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120 E Constitution St
Victoria, TX 77901

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Do You Need A Revocable Trust?

Walter and Jennifer were new clients seeking help with their investments. However, we have never met a person who only had investing needs. Usually, a worthwhile conversation will also entail estate planning, retirement planning, risk management, tax management and a variety of other issues.

As I asked the couple about their estate plan Walter quickly stated it was all taken care of. Jennifer’s eyes did not convey confidence in the substance of the plan.

Walter added he was about to put everything in a “trust.” This is a bit like asking what kind of car someone has and them replying that it has wheels. There are many types of trusts with unlimited variations.

Jennifer blurted out that some “cheesy” lawyer from out of town came through telling everyone at the coffee shop about the evils of probating an estate through the court. This was all Walter needed to hear. For $5,000 in legal fees the couple would own a thick three ring binder of legal documents. However, they didn’t really understand what they were purchasing.

Walter produced a brochure extolling the virtues of a living or revocable trust. He pointed to it and exclaimed, “This is what we are doing.” He added he wanted to avoid estate taxes and keep money away from creditors.

It was certainly an admirable goal, but a bit misguided.

The assets inside a “living” or revocable trust will avoid the need for probate. However, I asked Walter if he planned on retitling all of his real estate, autos and brokerage assets. There was a blank stare.

In order to get the benefits of avoiding probate, assets would need to be retitled and transferred into the trust. Walter didn’t seem to like that.

Furthermore, since we have independent estate administration in Texas, the cost is not nearly as expensive as other states such as California or New York. As I said this, Walter recalled the lawyer was from California.

Walter continued staring at the brochure and said, “This trust will also allow for the management of my assets if I become incapacitated.” I agreed with him and explained that a durable power of attorney would accomplish the same, but for a fraction of the price.

Walter countered asking if the power of attorney would protect his assets from estate taxes or creditors.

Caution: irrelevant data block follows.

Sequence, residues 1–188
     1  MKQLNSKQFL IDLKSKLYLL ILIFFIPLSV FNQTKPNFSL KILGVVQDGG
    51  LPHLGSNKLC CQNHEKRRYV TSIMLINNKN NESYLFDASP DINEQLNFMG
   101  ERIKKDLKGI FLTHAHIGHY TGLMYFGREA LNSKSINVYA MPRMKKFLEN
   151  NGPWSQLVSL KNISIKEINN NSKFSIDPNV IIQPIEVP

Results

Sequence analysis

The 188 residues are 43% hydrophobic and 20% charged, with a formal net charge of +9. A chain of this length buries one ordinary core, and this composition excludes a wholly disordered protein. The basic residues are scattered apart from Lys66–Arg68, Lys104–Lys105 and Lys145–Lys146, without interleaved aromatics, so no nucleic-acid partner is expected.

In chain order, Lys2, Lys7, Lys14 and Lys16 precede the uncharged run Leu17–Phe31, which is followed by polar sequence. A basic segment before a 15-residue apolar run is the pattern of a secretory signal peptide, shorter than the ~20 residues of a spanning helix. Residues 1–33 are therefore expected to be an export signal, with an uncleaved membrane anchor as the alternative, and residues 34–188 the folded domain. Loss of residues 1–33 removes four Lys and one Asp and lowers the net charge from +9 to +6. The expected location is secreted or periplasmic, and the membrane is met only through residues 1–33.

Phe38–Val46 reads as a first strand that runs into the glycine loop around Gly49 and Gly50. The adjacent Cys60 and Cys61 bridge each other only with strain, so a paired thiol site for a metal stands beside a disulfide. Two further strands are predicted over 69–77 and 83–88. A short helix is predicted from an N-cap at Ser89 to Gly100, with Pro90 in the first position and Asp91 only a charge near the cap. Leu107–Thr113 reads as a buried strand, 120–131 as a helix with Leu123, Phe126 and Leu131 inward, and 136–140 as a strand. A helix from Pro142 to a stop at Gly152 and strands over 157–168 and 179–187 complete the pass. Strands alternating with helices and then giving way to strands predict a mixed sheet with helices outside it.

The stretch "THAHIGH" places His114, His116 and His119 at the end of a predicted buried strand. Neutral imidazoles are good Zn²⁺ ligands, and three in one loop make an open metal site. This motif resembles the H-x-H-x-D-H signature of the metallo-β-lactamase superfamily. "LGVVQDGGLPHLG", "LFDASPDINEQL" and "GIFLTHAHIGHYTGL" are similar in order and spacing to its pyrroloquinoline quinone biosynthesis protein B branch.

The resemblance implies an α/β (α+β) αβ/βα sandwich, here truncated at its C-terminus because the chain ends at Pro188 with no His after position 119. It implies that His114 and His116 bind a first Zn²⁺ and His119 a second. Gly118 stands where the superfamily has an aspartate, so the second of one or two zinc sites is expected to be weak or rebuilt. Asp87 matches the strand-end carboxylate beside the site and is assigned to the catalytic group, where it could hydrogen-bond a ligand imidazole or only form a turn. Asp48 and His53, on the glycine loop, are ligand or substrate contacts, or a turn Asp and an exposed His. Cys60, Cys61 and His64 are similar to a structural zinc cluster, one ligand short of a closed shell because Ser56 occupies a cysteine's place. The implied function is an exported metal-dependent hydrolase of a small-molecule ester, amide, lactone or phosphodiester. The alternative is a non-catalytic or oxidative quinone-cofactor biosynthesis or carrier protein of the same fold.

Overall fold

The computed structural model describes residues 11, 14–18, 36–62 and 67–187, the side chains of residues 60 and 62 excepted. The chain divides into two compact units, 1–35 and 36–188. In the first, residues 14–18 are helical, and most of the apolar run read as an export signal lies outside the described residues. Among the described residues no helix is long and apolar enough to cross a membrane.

I acknowledged it would not, but added that neither would a living trust. His eyes squinted. “What do you mean?”

Although a revocable living trust can manage assets and avoid probate, the assets still belong to you. If you have full access to them, those assets are also part of your estate and therefore exposed to potential estate taxes.

Additionally, if assets are part of your estate they are also potentially exposed to your creditors.

Delving deeper into the discussion, I asked the couple how they planned on modifying their beneficiary designations. As we reviewed their net worth statement they listed a life insurance policy, a 401(k) account, an IRA and a joint checking account.

Jennifer asked why this mattered.

You can spend tons of money creating a variety of trusts to receive and manage assets. However, any asset with a beneficiary designation passes upon death via operation of law. This means your last will and testament or trust could say one thing. However, if the beneficiary designation says something completely different the designation will circumvent all the extensive estate planning you completed.

Jennifer was glad they hadn’t paid anything yet. It was obvious the couple had much to learn.

To help the couple summarize, a revocable trust does not necessarily avoid estate taxes. It must be coordinated with other trusts to do so. A revocable trust does not escape the claims of creditors. As such, asset owners need to double check their liability insurance.

An updated durable power of attorney allows for the management of assets if a person is incapacitated. This document should be reviewed annually.

Regularly review accounts with a beneficiary designation. Coordinate beneficiary designations to coincide with, and complement, a last will and testament.

Lastly, don’t succumb to “doom and gloom” fear mongering by out-of-town “experts.” Planning should be a logical process. Furthermore, there are many competent professionals available locally. This should allow the process to move along quicker and in a more customized and economical pace.

Dave Sather is a Victoria certified financial planner and owner of Sather Financial Group. His column, Money Matters, publishes every other week.

Originally published February 6, 2016, Victoria Advocate